IT alignment

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Staff buy-in with IT Team: Marty, James, James, Kellie, Lori

Think it's all about Tech tools and fail is getting people to say what they want/buy in

Book called "managing Technology to meet your mission" good overview of basics of this topic

IT alignment is corporate phrase, more program driven and tools that serve mission Buy in is about whole staff, what does this department do, what tools might help that Align tech to strategic plan

How to convince management needs of organization Tech can get jargony, technical, men, older, gender and tech dynamics - explainable in language others can understand Balance, if management doesn't understand may not want to admit it

Technology comes as afterthought - not unique to tech in role - communication problem in general -

Buy-in - early on money upfront to facilitate and getting them involved - before imposing technology on them. What are you doing and how can I help that?

Talking about, agreeing on, implementing something people want

Pitching how a tool might make their lives easier before adopting it

Starting with less options/hack to make interface less overwhelming/less options

Emotional response - technology can be overwhelming/ people can get anxious; one on one sessions to walk them through/ counseling

Personality as well, how are different people processing information? Visually? One on one

Defining scope of work ahead of time has helped a lot meeting with staff to see what they need, get whole list, work with developer on checklist, usability testing and feedback

One on ones with all staff, constantly tease out about what they need and how they feel about things so I know

Letting people test, tasks and specific thing to do - incentivize them to do that

Asking people needs often as opposed to when there's a crisis

Technology sparks emotion, be flexible and understand/be aware of where people are at. If I start calling you names, your fight responses increase, blood not going to brain and can't think - if someone reacts emotionally, know when to stop and reassess how to connect

Connect actual work to training, have staff bring their own work to do tasks with new tools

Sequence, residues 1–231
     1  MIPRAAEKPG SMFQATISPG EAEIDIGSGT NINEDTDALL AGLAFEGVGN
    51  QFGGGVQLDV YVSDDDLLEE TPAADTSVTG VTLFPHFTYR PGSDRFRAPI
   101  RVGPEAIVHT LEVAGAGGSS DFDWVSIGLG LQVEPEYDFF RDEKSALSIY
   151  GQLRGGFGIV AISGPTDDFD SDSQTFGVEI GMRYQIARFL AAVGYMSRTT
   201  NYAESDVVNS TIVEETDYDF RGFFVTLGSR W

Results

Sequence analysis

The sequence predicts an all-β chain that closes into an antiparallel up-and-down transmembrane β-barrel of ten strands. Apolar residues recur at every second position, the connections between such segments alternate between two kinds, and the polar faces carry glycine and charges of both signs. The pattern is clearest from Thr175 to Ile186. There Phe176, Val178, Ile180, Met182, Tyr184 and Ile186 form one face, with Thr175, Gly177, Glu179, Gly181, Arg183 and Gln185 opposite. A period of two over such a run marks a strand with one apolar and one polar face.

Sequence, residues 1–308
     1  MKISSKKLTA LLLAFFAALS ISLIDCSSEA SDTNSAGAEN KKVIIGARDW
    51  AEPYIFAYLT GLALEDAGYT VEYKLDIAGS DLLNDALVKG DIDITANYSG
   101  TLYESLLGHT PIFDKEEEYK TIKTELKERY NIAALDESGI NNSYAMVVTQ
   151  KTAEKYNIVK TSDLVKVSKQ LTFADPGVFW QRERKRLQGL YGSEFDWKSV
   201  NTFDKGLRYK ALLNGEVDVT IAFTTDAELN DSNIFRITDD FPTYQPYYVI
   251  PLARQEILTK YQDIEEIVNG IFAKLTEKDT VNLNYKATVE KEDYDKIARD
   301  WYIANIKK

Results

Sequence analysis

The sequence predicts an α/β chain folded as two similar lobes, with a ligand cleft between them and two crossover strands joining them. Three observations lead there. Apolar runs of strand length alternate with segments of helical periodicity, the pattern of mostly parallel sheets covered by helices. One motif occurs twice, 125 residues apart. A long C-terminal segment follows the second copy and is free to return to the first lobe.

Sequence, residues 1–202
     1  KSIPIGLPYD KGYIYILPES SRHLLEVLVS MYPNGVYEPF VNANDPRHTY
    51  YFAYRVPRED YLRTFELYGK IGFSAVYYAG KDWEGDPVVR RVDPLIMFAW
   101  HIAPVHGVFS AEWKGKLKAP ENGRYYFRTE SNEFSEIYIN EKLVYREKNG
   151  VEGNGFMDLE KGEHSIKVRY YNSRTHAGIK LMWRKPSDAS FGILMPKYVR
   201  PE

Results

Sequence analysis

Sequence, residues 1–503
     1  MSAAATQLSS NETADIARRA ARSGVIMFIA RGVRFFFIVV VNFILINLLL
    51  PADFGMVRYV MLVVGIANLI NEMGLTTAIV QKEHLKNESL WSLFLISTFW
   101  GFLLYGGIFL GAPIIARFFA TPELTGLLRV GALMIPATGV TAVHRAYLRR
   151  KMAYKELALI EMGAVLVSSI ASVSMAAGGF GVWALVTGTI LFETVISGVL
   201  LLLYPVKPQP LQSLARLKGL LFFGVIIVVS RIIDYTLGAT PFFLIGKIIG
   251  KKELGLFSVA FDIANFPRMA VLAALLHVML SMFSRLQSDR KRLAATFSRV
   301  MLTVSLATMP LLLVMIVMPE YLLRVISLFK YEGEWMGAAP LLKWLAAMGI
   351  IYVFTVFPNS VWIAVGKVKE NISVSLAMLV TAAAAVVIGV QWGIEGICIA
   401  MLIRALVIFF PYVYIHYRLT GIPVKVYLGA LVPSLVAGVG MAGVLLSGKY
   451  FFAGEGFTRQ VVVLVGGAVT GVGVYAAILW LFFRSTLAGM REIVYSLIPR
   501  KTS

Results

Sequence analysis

Tools through technology they currently use and are familiar with

Form relationships / develop internal ambassadors/champions that are outside of tech - get more engagement that way

Policy change - best practices for data security and management - how to communicate to staff the Importance of security - strategy: google search example of what could happen if don't have secure password, share with people; instead of trying to convince them, is there a tool out there that makes it easier for them (example - lastpass); justify what we're asking from people and pitch in a way that makes sense; If I say "you need to do" x vs. talk with folks so they understand that, their motivation is higher; framing it in terms of what it means to them in their position/type of work

Not making space for technology, just want it to work. Not prioritizing. Everyone is informationally overwhelmed. Strategies: tasks and rewards; ask them to set specific time aside; IT alignment buy in at the beginning messaging from their boss on it being important; incentivize it with money;

NTEN staffing report - ratios for staffing benchmark; who's in which role for IT within the organization. There is a book called "The accidental techie" that goes through issues; common issues

How to communicate how much time some of these tech requests actually take . Strategies and time commitment for each strategy - flow chart or time breakdown of types of tasks; Gantt chart or some way of showing how much time and cost it would be. Break it down in money and time and share with boss. Sometime it's at the end when decisions been made: when you ask, people say everything is important; what is the order of how I should start this, if new things come up, how does that come up in the order - onus is on them to decide order of work to do